Federal Employees Will Get 12 Weeks of Paid Parental Leave. Can Corporate America Keep Up?
This week, the House of Representatives passed a bill (tacked onto much larger one that will create President Donald Trump’s Space Force) that will provide over two million civilian federal employees with 12 weeks of paid parental leave. Now, corporate America is feeling the pressure to keep up.
As reported by Axios, on Wednesday the Business Roundtable, a coalition of CEOs led by JPMorgan Chase & Co. Chairman & CEO Jamie Dimon, wrote letters asking Congress and Trump to make paid family leave available to "as many working Americans as possible."
According to the Bureau of Labor Statistics, only “16% of private employees had access to paid family leave in 2018.” Family leave includes maternity and paternity leave.
The Business Roundtable formed this summer with the goal of redefining what a corporation should be in the modern age, with the main impetus being that companies should not view making profits for their shareholders as the main priority, but should also consider their responsibility to their employees and the society at large. That said, the CEOs of the Business Roundtable have plenty of reasons to want the government to make family leave mandatory.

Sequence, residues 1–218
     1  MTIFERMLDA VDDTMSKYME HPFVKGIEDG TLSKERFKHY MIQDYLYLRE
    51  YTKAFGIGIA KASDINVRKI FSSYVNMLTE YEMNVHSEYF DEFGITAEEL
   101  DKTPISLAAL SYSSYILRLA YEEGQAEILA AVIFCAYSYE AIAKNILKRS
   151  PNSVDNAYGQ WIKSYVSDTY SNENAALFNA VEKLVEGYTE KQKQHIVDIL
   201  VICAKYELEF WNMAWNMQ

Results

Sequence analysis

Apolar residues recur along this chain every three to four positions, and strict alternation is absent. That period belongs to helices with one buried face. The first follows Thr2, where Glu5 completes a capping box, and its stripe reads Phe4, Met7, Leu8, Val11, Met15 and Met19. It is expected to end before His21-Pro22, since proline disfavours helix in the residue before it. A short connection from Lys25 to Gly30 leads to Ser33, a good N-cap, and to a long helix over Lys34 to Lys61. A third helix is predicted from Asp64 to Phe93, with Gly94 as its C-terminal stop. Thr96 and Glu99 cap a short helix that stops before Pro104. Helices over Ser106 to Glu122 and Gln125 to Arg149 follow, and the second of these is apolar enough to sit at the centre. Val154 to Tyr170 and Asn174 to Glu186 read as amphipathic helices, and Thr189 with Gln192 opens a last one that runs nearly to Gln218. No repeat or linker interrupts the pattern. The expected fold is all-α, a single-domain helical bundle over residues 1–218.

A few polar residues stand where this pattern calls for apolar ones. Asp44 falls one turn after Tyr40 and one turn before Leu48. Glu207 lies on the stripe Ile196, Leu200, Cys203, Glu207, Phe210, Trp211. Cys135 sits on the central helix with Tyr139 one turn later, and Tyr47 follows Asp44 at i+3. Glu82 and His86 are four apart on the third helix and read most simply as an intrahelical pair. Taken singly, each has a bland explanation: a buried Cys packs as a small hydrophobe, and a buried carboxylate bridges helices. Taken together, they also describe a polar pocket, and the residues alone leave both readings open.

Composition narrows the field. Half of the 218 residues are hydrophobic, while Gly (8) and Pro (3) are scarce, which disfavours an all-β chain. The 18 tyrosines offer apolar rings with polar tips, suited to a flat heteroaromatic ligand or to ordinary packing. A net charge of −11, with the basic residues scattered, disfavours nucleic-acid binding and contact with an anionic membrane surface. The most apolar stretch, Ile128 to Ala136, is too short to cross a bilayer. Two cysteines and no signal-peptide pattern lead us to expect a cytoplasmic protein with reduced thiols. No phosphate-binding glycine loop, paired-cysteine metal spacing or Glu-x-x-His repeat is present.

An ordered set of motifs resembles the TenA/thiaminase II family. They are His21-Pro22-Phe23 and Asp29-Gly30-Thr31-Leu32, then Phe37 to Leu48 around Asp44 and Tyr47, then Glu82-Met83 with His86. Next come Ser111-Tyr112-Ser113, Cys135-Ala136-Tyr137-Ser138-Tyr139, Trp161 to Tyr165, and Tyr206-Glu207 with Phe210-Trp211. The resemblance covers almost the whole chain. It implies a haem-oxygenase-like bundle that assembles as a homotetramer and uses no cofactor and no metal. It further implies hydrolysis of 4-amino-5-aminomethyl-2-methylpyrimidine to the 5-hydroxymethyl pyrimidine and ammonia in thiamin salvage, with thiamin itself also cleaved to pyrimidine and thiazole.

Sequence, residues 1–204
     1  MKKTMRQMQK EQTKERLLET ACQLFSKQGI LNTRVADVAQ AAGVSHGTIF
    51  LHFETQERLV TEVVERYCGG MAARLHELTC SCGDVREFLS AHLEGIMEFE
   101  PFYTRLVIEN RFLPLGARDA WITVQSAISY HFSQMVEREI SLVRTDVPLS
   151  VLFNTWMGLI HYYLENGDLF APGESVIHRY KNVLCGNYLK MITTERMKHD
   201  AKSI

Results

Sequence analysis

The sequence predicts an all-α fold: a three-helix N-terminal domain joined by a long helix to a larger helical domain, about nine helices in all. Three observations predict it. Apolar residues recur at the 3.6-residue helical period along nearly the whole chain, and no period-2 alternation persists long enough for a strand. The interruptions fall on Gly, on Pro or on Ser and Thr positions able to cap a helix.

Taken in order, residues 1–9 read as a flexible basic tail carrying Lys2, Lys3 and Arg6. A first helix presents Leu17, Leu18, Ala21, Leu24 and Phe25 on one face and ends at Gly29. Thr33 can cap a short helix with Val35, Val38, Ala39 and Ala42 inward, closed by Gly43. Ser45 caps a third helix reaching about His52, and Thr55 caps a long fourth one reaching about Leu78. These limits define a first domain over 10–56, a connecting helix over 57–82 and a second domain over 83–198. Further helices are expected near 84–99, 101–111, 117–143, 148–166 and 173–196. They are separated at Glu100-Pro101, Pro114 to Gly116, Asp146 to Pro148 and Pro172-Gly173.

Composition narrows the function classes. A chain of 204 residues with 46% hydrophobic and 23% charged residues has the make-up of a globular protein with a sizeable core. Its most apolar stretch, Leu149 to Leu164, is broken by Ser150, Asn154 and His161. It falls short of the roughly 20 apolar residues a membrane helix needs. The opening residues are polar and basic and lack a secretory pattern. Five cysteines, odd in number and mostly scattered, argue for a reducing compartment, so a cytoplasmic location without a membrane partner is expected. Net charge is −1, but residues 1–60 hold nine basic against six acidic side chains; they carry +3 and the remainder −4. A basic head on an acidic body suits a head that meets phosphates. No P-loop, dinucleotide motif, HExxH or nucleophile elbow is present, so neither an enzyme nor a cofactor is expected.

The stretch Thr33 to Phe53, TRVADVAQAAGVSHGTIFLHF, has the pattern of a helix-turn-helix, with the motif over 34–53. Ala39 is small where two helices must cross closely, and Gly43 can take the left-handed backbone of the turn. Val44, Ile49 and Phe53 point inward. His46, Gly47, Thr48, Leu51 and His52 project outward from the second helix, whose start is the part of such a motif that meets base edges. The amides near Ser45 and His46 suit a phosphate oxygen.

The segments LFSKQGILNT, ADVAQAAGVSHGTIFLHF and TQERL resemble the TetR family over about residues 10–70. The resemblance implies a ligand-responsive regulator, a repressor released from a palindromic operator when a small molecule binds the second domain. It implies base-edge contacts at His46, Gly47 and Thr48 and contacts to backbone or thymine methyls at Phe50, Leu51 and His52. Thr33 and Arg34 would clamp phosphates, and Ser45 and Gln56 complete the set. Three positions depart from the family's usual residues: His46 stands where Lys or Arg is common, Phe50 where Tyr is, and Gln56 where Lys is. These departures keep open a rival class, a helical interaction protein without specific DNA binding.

With unemployment at a 50-year-low, workers have a good deal of bargaining power, and if private companies want to attract and retain top talent, CEOs are aware that they need to be as generous as private companies. According to Glassdoor, only a handful of companies (such as Netflix and Microsoft) offer parental benefits comparable to what the federal government will provide.
And by getting the federal government to make family leave mandatory, CEOs won’t have to pony up to compete. Instead, “programs under consideration in this White House do not raise taxes on businesses, but instead allow employees to pull forward from either the child tax credit that they are eligible for or social security—so there are no additional costs on business."
This change for federal workers might be only the start of things to come.